When I was a young girl, the movies made quite an impression on my malleable mind. I would walk out of a spy flick feeling suave and sophisticated, and if my sister suggested we stop for ice cream on the way home, I would sit in the car and dream while she and my dad went in for sundaes, because, after all, spies are too cool to go to Friendly’s. I would see emotional young performers in films have temper tantrums and flounce out of rooms, and I couldn’t wait to grow up and throw my own fits if grown-ups suggested I do anything practical with my life.
Movies have always been a form of entertainment, adventure and sometimes a good scare. But they are really far more than that. We look to celebrities as role models and to their scripts as road maps for relationships, ethics and style. Star’s wardrobes, bling and social lives are given the same importance in the news as world summit meetings and the war in the mideast.
This it made me wonder — if movies have that much influence, could they actually have an effect on the public’s health? The answer, according to research, is YES. Life does imitate art, and unfortunately, in the art of film, a lot of the leading characters have some really bad habits that have impacted us all in a negative way.
Smoking In The Movies
It is a signature scene from every film noir — the husky-voiced femme fatale with her face half in shadow, tendrils of smoke from her elegantly held cigarette spiraling up through a dim shaft of light. Movies made smoking seem sultry and sexy. They were the best advertising vehicle that the tobacco industry ever had. But did the American public fall for the trick?
Doctors from the Norris Cotton Cancer Center in New Hampshire recently examined the connection between movie smoking exposure (MSE) and adolescent smoking. They found that the more smoking adolescents saw, the more they were likely to smoke. The less they saw, the less likely. Their conclusion went so far as to say that teen smoking would be reduced by 18% if smoking in PG-13 movies was largely eliminated.
Smoking has an especially hazardous trickle-down effect on the population. Despite evidence that exposure to secondhand smoke dropped by half between 1999 and 2012, it is still credited with killing more than 41,000 Americans a year from lung cancer and heart disease. Sadly, it also causes an estimated 400 deaths from SIDS (Sudden Infant Death Syndrome). According to Dr. Tom Frieden from the Center for Disease Control, “these deaths are entirely preventable … the best way to reduce the harms from secondhand smoke is to reduce smoking.”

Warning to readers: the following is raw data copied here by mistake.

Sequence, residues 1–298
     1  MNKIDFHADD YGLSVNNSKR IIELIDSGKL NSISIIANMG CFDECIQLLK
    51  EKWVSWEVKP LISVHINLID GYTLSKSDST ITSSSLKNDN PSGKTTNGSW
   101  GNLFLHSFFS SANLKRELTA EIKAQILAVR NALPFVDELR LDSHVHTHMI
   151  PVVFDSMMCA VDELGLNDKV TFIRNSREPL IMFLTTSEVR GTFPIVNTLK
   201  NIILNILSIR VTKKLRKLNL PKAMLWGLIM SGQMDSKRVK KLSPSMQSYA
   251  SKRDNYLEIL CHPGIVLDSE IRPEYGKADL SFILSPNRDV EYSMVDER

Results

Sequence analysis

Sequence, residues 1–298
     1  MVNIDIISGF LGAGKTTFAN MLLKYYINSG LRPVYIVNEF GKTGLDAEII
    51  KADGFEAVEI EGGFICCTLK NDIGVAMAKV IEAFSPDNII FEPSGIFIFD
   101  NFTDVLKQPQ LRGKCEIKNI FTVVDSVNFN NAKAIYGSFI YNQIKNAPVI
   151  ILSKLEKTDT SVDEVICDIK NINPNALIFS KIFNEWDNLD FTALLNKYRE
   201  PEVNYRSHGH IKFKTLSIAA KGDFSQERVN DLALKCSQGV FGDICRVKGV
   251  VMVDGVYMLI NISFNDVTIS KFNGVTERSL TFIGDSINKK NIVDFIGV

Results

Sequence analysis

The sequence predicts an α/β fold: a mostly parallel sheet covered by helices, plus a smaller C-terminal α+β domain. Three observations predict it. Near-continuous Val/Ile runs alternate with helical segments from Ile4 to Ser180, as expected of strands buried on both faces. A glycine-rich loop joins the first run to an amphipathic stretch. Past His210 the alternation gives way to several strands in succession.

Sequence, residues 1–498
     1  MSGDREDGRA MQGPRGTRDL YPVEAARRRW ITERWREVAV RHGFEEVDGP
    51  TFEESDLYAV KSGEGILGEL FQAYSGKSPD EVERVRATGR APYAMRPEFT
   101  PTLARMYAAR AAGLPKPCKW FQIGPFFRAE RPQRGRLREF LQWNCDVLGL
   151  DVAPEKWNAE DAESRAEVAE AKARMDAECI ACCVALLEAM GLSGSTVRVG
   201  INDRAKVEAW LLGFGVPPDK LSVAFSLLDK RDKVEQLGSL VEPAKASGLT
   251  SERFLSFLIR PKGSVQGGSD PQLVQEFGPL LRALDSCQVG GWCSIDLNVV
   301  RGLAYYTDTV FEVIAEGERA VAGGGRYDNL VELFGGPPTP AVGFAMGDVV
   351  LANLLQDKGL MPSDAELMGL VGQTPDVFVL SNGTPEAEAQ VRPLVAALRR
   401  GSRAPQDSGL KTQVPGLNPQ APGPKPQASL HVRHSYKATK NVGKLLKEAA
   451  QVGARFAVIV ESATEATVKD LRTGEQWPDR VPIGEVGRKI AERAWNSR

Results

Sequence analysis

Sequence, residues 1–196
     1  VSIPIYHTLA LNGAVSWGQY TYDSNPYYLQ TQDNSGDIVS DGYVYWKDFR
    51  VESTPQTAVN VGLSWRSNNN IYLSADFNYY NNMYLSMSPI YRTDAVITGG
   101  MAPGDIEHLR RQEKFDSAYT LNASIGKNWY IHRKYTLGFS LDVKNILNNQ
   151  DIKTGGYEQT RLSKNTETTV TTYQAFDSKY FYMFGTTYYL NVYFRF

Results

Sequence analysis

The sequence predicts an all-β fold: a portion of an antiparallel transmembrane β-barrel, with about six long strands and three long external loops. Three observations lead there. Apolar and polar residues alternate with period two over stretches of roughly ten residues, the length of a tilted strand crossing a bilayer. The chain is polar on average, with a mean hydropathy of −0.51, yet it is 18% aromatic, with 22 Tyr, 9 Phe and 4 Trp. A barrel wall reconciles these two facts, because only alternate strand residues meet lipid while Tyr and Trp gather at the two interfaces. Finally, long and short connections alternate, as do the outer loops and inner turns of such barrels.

Unfortunately movies that glorify smoking seem to be doing everything in their power to encourage us to start.
Beauty and Barfing and the Movies
They’re stunning, aren’t they? Those slender, polished and perfect stars who somehow make us believe that they are real people when they breathe life into their roles. But these elite individuals work with trainers and nutritional coaches and resort to massage, liposuction and drugs. The reed thinness of many leading ladies is not a natural thing.
Yet millions of women believe the lie. The pressure in our culture to be thin is overwhelming and it starts early. In studies, girls as young as 3 and 6 said they were conscious of their weight. We measure ourselves against the Beautiful People and find ourselves lacking. In a People Magazine survey, 80% of the female readers who responded reported that the women they saw in movies made them feel bad about themselves.
Movie stars have gotten even thinner in recent years. Allure magazine quoted actress Elizabeth Hurley as saying, “I’ve always thought Marilyn Monroe looked fabulous, but I’d kill myself if I was that fat.” It is not surprising that modern starlets are constantly confessing their food disorders in the tabloids. Self-imposed starvation has been given a certain glamour by the media that is not lost on women in the general population. For some girls, it can literally be a death sentence. Eating disorders have a higher mortality rate than any other psychiatric illness. As many as 20% of those who suffer from anorexia will die prematurely from complications related to their condition.
Can we really blame the movies for the perception that women have about their own bodies? Well, the rate of eating disorders in Fiji surged following the introduction of Western television programming. You may draw your own conclusions.
But the next time you go to the movies, notice the product placement and atmospheric fog from smoldering butts. Take note that someone is trying to hijack your entertainment time in order to shove their product or image down your throat. My suggestion to you is just say no.